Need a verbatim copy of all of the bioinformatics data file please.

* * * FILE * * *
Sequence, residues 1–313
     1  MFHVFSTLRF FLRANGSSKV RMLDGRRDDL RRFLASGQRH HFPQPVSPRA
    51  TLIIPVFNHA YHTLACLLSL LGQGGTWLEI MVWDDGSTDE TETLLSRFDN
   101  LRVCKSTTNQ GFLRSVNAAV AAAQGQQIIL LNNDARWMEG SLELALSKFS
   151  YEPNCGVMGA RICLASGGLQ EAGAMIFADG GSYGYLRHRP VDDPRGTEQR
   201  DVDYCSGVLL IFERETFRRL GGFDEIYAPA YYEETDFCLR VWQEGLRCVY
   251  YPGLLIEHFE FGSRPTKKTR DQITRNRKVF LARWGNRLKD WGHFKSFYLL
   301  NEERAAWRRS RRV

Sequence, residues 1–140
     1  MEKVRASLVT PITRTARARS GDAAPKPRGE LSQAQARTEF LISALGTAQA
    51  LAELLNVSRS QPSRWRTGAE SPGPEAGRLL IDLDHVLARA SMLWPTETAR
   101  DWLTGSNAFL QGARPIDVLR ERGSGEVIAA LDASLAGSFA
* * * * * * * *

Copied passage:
Sequence, residues 1–313
     1  MFHVFSTLRF FLRANGSSKV RMLDGRRDDL RRFLASGQRH HFPQPVSPRA
    51  TLIIPVFNHA YHTLACLLSL LGQGGTWLEI MVWDDGSTDE TETLLSRFDN
   101  LRVCKSTTNQ GFLRSVNAAV AAAQGQQIIL LNNDARWMEG SLELALSKFS
   151  YEPNCGVMGA RICLASGGLQ EAGAMIFADG GSYGYLRHRP VDDPRGTEQR
   201  DVDYCSGVLL IFERETFRRL GGFDEIYAPA YYEETDFCLR VWQEGLRCVY
   251  YPGLLIEHFE FGSRPTKKTR DQITRNRKVF LARWGNRLKD WGHFKSFYLL
   301  NEERAAWRRS RRV

Sequence, residues 1–140
     1  MEKVRASLVT PITRTARARS GDAAPKPRGE LSQAQARTEF LISALGTAQA
    51  LAELLNVSRS QPSRWRTGAE SPGPEAGRLL IDLDHVLARA SMLWPTETAR
   101  DWLTGSNAFL QGARPIDVLR ERGSGEVIAA LDASLAGSFA